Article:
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US Blocks Aid To Pak, Says Didn’t Take ‘Sufficient Action’ Against Terror – JV

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This move could signal a burgeoning hard line approach by the Trump administration towards Pak


Secretary of Defense Jim Mattis has decided that the Pentagon will not give Pakistan the remainder of a key U.S. military reimbursement fund allotted to the country for 2016, a move that could signal a burgeoning hard line approach by the Trump administration toward Islamabad.

The Pentagon announced the move to withhold $50 million in “coalition support funds” in a statement Friday, saying it had determined Pakistan had not taken “sufficient action” against the Haqqani network, the Taliban offshoot responsible for numerous attacks on civilians and military targets in neighboring Afghanistan. Reuters was first to report on the development.

“This decision does not reduce the significance of the sacrifices that the Pakistani military has undertaken over previous years,” said Adam Stump, a Pentagon spokesman, in the statement.

The move comes less than a year after Secretary of Defense Ashton B. Carter decided to withhold $300 million from the same fund for the same reason: that Pakistan was not going after the Haqqani militants.

For fiscal year 2016, Pakistan was allotted $900 million in coalition support funds, $550 million of which Islamabad has already received. The Pentagon said that $300 million, however, had already been withheld and redistributed, meaning that there are no more of the funds available to Pakistan from its 2016 allotment. The Coalition Support Fund is the main source of military assistance for Pakistan and is considered a reimbursement for Pakistan’s military support for U.S. operations in the region.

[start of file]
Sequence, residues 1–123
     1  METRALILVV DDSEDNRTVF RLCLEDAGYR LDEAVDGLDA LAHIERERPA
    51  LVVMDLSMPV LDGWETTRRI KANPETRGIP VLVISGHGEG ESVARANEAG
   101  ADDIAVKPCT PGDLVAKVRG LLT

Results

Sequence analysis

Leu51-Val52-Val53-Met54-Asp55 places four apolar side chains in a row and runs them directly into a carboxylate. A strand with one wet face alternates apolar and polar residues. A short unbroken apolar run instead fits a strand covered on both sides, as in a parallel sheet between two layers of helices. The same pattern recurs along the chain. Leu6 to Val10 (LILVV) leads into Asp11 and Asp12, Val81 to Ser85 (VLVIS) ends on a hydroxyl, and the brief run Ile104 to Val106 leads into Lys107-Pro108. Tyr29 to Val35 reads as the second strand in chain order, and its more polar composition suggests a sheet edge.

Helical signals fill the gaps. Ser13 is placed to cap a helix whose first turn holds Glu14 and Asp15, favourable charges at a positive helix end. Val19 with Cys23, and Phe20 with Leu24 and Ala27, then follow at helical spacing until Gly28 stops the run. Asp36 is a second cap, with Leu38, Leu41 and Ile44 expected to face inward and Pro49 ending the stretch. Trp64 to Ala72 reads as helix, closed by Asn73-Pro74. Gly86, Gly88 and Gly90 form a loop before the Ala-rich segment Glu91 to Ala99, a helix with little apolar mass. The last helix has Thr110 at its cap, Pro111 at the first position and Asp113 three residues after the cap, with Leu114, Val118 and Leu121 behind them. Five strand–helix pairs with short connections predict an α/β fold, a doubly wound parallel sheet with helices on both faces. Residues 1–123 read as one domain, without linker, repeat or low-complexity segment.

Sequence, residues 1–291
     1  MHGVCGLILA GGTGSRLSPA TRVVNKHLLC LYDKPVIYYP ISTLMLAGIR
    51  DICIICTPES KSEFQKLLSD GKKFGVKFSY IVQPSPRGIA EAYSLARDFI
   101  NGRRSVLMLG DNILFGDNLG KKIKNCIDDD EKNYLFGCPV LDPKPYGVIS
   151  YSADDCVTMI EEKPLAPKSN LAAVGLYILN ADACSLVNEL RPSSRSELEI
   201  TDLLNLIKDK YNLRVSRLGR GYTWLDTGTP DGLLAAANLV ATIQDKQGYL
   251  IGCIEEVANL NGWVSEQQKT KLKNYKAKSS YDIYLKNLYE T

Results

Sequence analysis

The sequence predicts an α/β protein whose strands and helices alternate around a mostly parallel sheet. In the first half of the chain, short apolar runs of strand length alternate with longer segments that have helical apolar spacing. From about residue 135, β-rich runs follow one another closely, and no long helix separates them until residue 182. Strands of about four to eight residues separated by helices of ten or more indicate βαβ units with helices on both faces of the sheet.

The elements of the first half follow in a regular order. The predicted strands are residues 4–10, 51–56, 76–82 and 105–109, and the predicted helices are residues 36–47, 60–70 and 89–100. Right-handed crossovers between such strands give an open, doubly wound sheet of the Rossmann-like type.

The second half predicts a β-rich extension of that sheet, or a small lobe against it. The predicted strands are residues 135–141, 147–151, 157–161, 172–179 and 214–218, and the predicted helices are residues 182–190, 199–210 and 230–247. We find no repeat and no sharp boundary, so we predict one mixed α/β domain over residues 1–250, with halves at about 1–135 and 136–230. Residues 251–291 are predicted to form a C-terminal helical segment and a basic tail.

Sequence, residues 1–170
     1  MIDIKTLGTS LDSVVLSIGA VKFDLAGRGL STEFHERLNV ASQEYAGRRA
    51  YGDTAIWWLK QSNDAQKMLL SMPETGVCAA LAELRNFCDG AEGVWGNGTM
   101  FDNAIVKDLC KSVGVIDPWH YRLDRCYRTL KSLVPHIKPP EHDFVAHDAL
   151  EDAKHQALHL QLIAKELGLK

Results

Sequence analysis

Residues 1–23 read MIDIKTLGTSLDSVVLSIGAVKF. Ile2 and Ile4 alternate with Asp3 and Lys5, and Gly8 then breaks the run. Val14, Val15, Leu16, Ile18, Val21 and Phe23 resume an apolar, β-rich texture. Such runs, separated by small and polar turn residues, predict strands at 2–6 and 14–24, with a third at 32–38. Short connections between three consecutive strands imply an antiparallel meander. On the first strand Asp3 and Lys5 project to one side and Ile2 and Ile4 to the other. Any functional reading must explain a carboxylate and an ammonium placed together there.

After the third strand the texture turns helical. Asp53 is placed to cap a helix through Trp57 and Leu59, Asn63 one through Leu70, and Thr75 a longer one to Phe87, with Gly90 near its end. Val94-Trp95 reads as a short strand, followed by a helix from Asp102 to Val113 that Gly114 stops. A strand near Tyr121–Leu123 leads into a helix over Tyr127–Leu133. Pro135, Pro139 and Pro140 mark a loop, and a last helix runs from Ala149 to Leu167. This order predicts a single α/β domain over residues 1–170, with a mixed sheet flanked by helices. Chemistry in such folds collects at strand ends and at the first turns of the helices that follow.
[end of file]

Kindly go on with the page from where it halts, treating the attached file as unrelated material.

In the statement, Stump said the 2016 funds had to be “released or reprogrammed” before their expiration. He added that the decision to withhold the funds does not “prejudge” the White House and Pentagon’s upcoming strategy for Afghanistan and the surrounding region, now known as the “South Asia Strategy.”

“[The Coalition Support Fund] is just one component of the United States’ broad and enduring partnership with Pakistan,” Stump said.

In this year’s budget, Pakistan is authorized another $900 million, $400 million of which could also be withheld for similar reasons again. Pakistan has received more than $14 billion in coalition support funds since 2002, according to the Pentagon.

The Haqqani Network has been blamed for a spate of recent attacks in Afghanistan, including the May suicide bombing that killed more than 100 people in a crowded Kabul intersection and a sophisticated infiltration of an Afghan military base in Mazar-e Sharif that killed or wounded more than 100 Afghan soldiers.